On Monday Justice and Correctional Services Minister Ronald Lamola announced that all 15 Masters’ Offices within the country’s high courts were to be shut down for a day while the Specialised Investigating Unit (SIU) conducted search and seizure operations.
The offices were due to reopen on Wednesday. In a statement, Lamola apologised for any inconvenience, adding: “This investigation was necessitated by several allegations of maladministration and corruption and the Mpumalanga case wherein it is alleged that an official in the master’s amassed R1.7 million through fraudulent activities which further highlighted the need for an investigation of this nature.
“As a result, we will be shutting down all Masters’ Offices across the country to enable the SIU to gather, collate and retrieve information relevant to the investigation without any hindrance.”
One of the primary tasks of the Master’s Office is administration of deceased and insolvent estates.
It also administers the Guardian’s Fund, which manages money on behalf of those deemed legally incapable, as well as minors, unborn heirs, and missing or untraceable people.
King Sibiya, head of Lungelo Lethu Human Rights Foundation, which defends the poor against abusive creditor practices, says he has been complaining for years about corruption in and around the Masters’ Offices, which he says are breeding grounds for predators looking to pick at the cadavers of deceased estates.
“We are inundated with cases of widows whose husbands have passed on and who in terms of the law are the rightful executors of the deceased estate. But it is a common practice among banks to have themselves appointed as executors instead, particularly where there is an outstanding mortgage loan owed by the deceased.
“This leads to huge conflicts of interest where banks are deciding how to share the spoils in their favour, with no proper oversight whatsoever from the Master.
“The banks then rush to court to foreclose on a mortgaged property without following the law,” he adds.
“I am obviously extremely pleased that the SIU is now looking into this and that we might finally get some justice for the thousands of people who have been financially ripped off by this kind of predatory behaviour.”
Tony Kay, a KwaZulu-Natal property developer, has campaigned for years for police to investigate the nexus between liquidators and the Masters’ Offices after a Shelly Beach property deal he was involved in went pear-shaped. It was then that the liquidators stepped in.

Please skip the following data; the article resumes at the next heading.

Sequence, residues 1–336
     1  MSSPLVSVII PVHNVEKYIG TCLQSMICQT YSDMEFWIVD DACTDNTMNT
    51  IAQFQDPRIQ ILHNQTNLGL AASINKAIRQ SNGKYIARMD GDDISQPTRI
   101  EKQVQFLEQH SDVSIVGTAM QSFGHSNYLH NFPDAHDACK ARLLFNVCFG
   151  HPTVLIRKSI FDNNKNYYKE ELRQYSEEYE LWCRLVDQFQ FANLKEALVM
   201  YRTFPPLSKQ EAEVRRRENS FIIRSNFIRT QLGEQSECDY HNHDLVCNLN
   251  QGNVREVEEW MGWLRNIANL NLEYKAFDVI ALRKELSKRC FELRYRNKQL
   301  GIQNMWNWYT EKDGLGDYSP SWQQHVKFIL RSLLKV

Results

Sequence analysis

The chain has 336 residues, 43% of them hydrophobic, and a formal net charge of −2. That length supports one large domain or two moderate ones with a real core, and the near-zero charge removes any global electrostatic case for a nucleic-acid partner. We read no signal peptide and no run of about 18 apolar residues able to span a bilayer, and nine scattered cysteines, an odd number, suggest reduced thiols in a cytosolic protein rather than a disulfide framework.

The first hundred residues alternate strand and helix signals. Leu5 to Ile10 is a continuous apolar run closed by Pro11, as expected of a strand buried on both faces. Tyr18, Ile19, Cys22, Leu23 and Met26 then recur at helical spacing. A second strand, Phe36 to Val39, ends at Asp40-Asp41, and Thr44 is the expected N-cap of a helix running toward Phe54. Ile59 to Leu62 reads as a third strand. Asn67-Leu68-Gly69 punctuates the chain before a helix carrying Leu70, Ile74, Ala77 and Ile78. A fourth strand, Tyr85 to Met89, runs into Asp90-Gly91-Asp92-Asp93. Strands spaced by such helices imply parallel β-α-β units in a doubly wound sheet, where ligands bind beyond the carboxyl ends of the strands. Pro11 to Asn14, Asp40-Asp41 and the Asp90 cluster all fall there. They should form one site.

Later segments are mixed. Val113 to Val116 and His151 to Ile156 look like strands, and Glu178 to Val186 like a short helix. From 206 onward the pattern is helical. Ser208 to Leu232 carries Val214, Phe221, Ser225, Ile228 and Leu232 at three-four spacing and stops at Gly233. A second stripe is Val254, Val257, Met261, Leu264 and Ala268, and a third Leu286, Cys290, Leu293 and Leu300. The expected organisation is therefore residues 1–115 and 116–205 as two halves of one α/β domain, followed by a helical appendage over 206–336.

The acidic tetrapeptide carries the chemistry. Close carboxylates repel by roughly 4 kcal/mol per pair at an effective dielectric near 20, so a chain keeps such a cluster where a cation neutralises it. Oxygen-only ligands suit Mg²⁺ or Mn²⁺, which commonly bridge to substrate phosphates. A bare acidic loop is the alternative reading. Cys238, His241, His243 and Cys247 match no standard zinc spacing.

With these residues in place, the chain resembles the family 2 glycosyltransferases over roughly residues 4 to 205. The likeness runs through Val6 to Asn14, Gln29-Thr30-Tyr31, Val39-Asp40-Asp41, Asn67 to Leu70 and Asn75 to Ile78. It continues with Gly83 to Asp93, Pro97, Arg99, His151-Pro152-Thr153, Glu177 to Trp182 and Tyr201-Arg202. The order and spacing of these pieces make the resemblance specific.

The property developers in this case, like many others, complained that the auction process was irregular.
The Pretoria Master’s Office last year launched an inquiry into a botched property deal in which Pietermaritzburg liquidator Pierre Berrangé was involved. In recent years, the complaints against liquidators and Masters’ Offices have multiplied – along with the sums involved.
“We want a Master’s Office that will conduct its affairs with integrity in line with Batho Pele [‘People first’] principles and not squander resources meant for the poor and vulnerable in society,” said Lamola on Monday.
Read: Winding up an estate
“We are fully aware that the Master’s Office plays a critical role in our communities, it is an office that works for the most vulnerable in our communities, it works for orphans, minor children, and the widowed. We do however request members of the public to postpone their intention to visit the Master’s Office just for a day.”
The accusations against the Master’s Office, some of them aired in the Zondo commission of inquiry into state capture, range from the opportunistic to the criminal.
The surprise search and seizure raid will have caught corrupt officials in the Masters’ Offices off guard, leaving little time to lose files or shred incriminating evidence.
The SIU investigation will also look into the affairs of the Guardian’s Fund, as well as the supervision of the administration of companies and close corporations in liquidation.
The 2018 annual report for the Guardian’s Fund showed assets of R13.6 billion, almost 24% more than the R11 billion it had in 2016. In 2018 it received more than R1 billion in investment income.
One of the reasons the fund keeps growing is that so much of this money remains unclaimed, according to Sean Rossouw, founder of Benefits Exchange.
Benefits Exchange offers a free search engine for those trying to track down pension and other benefits that may be owed to them (the first search is free, while a processing fee of R25 applies to subsequent searches).
The Guardian’s Fund is managed by the Public Investment Commissioner.
In terms of the Administration of Estates Act, the Master of the High Court is responsible for paying out from the Guardian’s Fund.
The SIU investigation will also look into “the supervision of the administration of companies and close corporations in liquidation; the safeguarding of all documentary material in respect of estates, insolvencies and liquidations; the processing of enquiries by executors, attorneys, beneficiaries and other interested parties; and the appointment of executors, trustees, curators and liquidators”.
Last year Business Day reported that 45 000 trust files went missing from the Pretoria offices of the Master of the High Court after a storm apparently blew off the roof at a storage facility.
The SIU will have a lot of paperwork to get through over the coming weeks and months.